Kia debuted two new hybrids at the 2016 Chicago Auto Show, the Niro and the plug-in Optima hybrid. They’re two of the four alt-powertrains Kia promised to have in place by this year—the other two are the Soul EV and standard Optima hybrid—with about a half dozen more on the way, debuting by 2020. We sat down with Michael Sprague, COO for Kia Motors America, and Orth Hedrick, the automaker’s vice president of product planning, to talk about how Kia sees its future in EVs, hybrids, and other alternative powertrains.
AM: What’s Kia’s take on the state of hybrids, plug-ins, and EVs? Is Kia planning on being at the forefront of any alternative powertrain development?
OH: The ultimate goal is … EVs with greater range than we have today. The steps to get people there are hybrid, plug-in hybrid, and eventually extending that to EV. We see the mindset of the market going that direction. Millennials are really interested in doing something different. They’ve grown up around the concept that our planet’s in trouble. When I was growing up, we didn’t even recycle. Now you have three trashcans in your kitchen. It is just part of their world. But it’s going to take us awhile to move away from gasoline—we’re talking at least five years.
AM: Tell us how the market has responded to the Soul EV?
OH: So far, so good. We rolled it out in stages. First a few markets in California, then up the west coast, and now we’re on the east coast. With fuel prices so low, we’re seeing it’s more of a lifestyle product for people who are really into making a statement and having an ecologically sensitive life. There’s a loyal, fervent group of buyers for EVs. They’re like groupies.
MS: It’s really impacted the brand in a sense. The Soul is a phenomenal vehicle from a design and packaging standpoint, and it’s an electrified Soul. Some people may not want to own an electrified Soul, but they like the fact that we’re offering consumers an environmentally friendly vehicle.
OH: I want to put a Soul EV next to a Chevrolet Bolt. You know, GM has a huge presence in Korea because of Daewoo, so a lot the development work with the big battery suppliers was done in Korea. I’m wondering how close the architecture is, because the Bolt’s footprint and battery placement are a lot like a Soul EV’s. Maybe it’s just a coincidence …
AM: What do you see as the thing that sets Kia apart from a future full of extremely similar EVs?
OH: Ours is design, and the other we’re working hard on is making the car easy to live with.
MS: I believe our “value story” will continue to play a role in this as well. We’re a global company, so we’re developing these cars for global consumption. The investment we’re making is significant, so we need to make sure we spread the costs to maintain our value proposition here and in other countries.
AM: Will we see another dedicated EV from Kia anytime soon, or is the Soul EV holding that torch for a while?
OH: For the time being Soul EV is it, yeah.
AM: So, the plug-in Optima hybrid—that must’ve been in the plans from the get-go, right?
OH: If you look at our range, you jump from a gas car to the Soul EV, which can be too much for some people, with issues like battery range and such. Now we’re creating a series of steps that make sense, and the plug-in is a natural progression of the Optima hybrid we had before. The next step is a dedicated hybrid [which is what the Niro is]. We were able to build the Niro around a brand-new platform developed around the hybrid architecture, which let us play with packaging and optimize the interior so the customer has a “normal car” experience. There’s no strange lump in the cargo area.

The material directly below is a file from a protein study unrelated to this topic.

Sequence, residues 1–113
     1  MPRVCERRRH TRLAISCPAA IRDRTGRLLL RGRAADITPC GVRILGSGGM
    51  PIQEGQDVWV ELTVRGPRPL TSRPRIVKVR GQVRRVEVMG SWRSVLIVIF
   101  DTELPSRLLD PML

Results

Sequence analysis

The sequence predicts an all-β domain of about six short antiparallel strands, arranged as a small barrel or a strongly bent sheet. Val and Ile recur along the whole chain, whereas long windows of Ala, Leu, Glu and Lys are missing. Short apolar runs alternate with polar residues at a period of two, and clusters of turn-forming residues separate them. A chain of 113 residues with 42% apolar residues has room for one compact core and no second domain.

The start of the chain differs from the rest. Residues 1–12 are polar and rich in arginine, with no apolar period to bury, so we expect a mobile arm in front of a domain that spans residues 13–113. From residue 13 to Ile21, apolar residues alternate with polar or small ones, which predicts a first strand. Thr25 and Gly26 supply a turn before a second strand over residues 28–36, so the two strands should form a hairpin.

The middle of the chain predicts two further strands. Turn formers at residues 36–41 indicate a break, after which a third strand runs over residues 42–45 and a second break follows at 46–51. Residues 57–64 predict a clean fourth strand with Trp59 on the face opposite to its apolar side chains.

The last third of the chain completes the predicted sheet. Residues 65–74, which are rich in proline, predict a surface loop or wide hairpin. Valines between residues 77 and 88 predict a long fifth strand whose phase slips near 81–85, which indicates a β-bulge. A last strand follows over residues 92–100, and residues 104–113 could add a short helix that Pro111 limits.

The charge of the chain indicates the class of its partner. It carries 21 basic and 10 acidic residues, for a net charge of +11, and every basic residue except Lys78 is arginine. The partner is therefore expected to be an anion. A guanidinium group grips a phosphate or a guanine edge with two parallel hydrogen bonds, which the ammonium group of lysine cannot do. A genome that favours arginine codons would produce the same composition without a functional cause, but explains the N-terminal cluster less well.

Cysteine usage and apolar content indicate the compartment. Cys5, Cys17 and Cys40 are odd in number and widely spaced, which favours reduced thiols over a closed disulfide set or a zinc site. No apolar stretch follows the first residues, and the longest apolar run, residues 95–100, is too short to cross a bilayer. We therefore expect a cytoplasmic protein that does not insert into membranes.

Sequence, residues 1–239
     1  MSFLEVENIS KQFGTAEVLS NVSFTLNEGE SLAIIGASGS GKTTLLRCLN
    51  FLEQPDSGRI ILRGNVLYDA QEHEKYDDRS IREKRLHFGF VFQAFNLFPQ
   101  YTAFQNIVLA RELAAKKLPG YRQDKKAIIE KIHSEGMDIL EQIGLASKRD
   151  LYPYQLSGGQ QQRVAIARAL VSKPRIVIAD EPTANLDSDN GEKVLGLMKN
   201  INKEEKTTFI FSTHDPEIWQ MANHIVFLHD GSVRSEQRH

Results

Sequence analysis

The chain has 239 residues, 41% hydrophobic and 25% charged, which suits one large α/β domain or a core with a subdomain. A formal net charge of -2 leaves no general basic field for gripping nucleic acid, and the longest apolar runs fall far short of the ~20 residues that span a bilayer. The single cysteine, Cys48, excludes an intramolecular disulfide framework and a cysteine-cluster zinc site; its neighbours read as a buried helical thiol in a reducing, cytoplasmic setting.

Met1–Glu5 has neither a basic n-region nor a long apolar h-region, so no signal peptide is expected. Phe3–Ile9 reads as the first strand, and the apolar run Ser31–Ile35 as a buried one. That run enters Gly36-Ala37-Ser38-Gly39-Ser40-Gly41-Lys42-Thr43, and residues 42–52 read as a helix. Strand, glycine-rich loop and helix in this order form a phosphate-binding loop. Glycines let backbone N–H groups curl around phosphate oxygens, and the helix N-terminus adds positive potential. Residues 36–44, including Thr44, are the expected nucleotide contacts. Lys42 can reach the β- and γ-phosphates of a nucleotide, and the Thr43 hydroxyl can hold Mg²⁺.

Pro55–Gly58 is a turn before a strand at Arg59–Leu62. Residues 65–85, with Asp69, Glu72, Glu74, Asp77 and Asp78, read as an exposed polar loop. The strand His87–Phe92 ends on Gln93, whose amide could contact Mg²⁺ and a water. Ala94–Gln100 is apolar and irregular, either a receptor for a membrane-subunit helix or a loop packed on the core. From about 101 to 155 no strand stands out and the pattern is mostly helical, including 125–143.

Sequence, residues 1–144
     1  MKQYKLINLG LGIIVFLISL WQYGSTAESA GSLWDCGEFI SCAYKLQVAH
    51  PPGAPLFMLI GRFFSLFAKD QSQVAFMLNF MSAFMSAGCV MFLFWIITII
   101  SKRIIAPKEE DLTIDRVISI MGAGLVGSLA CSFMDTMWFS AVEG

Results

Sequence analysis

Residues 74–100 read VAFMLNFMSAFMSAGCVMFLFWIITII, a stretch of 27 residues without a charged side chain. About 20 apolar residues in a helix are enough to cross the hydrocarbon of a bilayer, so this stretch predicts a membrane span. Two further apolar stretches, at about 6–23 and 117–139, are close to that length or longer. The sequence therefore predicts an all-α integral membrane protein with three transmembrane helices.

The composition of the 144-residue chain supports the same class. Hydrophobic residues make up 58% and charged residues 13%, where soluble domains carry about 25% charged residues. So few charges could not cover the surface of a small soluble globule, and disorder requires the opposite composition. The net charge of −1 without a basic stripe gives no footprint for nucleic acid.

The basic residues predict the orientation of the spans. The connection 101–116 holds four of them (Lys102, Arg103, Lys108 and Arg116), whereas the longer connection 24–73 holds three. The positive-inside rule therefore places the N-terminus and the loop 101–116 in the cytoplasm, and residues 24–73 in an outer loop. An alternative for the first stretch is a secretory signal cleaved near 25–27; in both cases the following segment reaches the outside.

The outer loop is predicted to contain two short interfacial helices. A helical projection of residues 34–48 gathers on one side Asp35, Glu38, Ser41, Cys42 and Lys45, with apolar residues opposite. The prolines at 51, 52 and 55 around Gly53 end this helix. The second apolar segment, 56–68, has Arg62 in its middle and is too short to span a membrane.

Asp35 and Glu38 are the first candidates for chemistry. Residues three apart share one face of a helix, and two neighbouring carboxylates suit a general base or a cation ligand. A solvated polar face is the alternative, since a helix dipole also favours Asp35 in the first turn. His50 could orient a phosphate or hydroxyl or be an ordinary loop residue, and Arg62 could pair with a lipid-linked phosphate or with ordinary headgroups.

MS: We introduced the Telluride concept [at the 2016 Detroit auto show] as a hybrid vehicle. Based on our history of concept vehicles that often come to market, I think that would probably be a pretty good candidate for something.
AM: Why isn’t the Niro a plug-in?
MS: We did say it would be eventually.
AM: What’s the holdup?
OH: Manufacturing. One plant makes all of these cars. The plug-in has been engineered and is ready to go, but it has to wait for its place in the sequence.
AM: So at some point in the future, one could assume all of your hybrids will be plug-in hybrids.
OH: Yeah, we could do that. But the issue with plug-ins is that the battery is bigger and the cost is about ten grand more, just because of the size of the battery.
AM: But once battery size and cost come down …
OH: Right, absolutely. But what we’ve heard and researched is that a lot of people don’t even plug in their cars. I’m not sure customers understand the advantage of the plug-in. I think they forget to plug it in when they get home. I think there will be more interest once fuel prices go up. It’s a learning curve.
AM: What technologies out there excite you?
OH: Software development. We have a power control module [on the Niro] that manages all of the 48 volts going through the motor and battery, and just through software, just by changing code, we were able to eliminate the need for a 12-volt battery. Everything seems like we’re moving toward more electronics and developing more control systems. It doesn’t sound sexy but if you can code … well, it’s like “The Matrix.”
MS: All of this is migrating toward autonomous vehicles. Our infotainment system needs to be integrated into our safety systems, which have to be integrated into our hybrid and EV systems. All of these are coming together, and it’s all software.
AM: Before we forget—wouldn’t it be cool if Kia had a hybrid sports car?
OH: That would be cool. A hybrid or an EV sports car?